August 17, 2010

Marc Emery: All About Prison and What Comes Next

Marc Emery is a world famous Canadian pot advocate and the founder of Cannabis Culture Magazine. Now that he's been extradited to the use and imprisoned he's using Cannabis Culture as his voice to a community of pro pot advocates that are following his story.

Marc decided to write the complete story of his status as a political prisoner in the US federal prison system: what he does, what it's like, his future prospects at Sea-Tac Federal Detention Center in Seattle and wherever he gets sent after sentencing, and the process of returning to Canada.

This letter was written to be copied and sent to everyone who sends him mail so he doesn't have to write it out repeatedly, but he still writes personal messages along with every letter he sends out.

As of August 20th 2010, I will have been here 92 days. With the 70 days I spent in Canada awaiting extradition, that’s 162 days total time credited to my sentence. In the US prison system an inmate receives 15% off their sentence each year (54 days) in their sentence as a "good conduct time" credit. Of course, the rules can be severe in a US prison, and it takes effort not to be punished with loss of good time or solitary confinement. So, with 162 days in by August 20th, plus 270 days "good time" over 5 years, if I spent every single day of my 5-year sentence in the US system, my release date is mid-June 2014, or 3 years and 9.5 months away.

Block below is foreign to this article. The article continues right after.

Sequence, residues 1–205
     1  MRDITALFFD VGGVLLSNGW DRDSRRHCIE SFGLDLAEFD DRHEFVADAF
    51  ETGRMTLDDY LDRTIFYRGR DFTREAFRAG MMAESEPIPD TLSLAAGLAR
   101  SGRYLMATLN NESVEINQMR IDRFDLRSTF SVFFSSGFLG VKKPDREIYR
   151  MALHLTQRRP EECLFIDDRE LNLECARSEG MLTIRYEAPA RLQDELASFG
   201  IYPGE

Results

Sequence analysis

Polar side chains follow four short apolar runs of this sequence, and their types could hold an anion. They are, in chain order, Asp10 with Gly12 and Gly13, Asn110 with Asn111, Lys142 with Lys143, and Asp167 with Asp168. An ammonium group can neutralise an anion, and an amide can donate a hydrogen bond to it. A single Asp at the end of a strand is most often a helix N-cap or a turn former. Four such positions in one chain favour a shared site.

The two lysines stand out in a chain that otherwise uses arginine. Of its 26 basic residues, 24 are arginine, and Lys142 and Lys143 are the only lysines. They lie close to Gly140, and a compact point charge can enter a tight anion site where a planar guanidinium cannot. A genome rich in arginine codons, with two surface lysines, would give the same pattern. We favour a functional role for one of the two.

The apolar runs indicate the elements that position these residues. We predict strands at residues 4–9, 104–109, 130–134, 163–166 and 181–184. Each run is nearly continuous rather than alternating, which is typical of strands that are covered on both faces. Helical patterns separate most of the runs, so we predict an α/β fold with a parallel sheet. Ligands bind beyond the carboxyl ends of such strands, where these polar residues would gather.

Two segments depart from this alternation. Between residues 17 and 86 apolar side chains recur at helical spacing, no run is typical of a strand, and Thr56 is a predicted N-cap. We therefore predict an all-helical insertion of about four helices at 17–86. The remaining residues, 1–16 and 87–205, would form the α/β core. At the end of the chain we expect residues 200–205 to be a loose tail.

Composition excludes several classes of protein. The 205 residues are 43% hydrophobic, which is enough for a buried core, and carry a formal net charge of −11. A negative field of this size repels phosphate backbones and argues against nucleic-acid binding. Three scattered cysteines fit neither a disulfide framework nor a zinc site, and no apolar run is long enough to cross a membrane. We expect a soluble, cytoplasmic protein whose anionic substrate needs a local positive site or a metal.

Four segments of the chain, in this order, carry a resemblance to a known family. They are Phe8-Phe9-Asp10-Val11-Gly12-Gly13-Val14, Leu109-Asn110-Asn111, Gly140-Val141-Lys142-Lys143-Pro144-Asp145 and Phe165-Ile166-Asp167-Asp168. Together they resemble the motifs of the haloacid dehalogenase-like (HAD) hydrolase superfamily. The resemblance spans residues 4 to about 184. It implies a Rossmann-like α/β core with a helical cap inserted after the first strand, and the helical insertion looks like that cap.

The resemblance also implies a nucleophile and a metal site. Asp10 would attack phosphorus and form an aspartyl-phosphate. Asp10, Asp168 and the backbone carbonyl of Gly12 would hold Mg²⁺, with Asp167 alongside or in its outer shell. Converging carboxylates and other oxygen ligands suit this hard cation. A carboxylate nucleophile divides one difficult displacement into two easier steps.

As a Canadian citizen (a "criminal alien") in the US system, I cannot qualify for designation to a minimum-security "camp" that my offense would normally fit under. I am only permitted in the next level up of security, a "Low". I also cannot get the 12-month sentence reduction American citizens in the system receive for the Residential Drug & Alcohol Rehabilitation Program (R-DAP), nor do I qualify for the early release to a halfway house six months prior to the end of sentence. However, once transferred to the Canadian Federal Corrections system, I qualify for accelerated parole.

My sentencing is actually September 10th in the Seattle Federal Court of Judge Martinez. The judge, the district attorney and myself, represented by the very able lawyer Richard Troberman, have agreed on a 5-year sentence in a procedure called an 11(c)1(c). It’s pretty well guaranteed, but nothing in a courtroom is really guaranteed so this is as close as it comes. There will be rallies in many cities on the day after my sentencing, September 18th, so stay tuned to and for details and updates.

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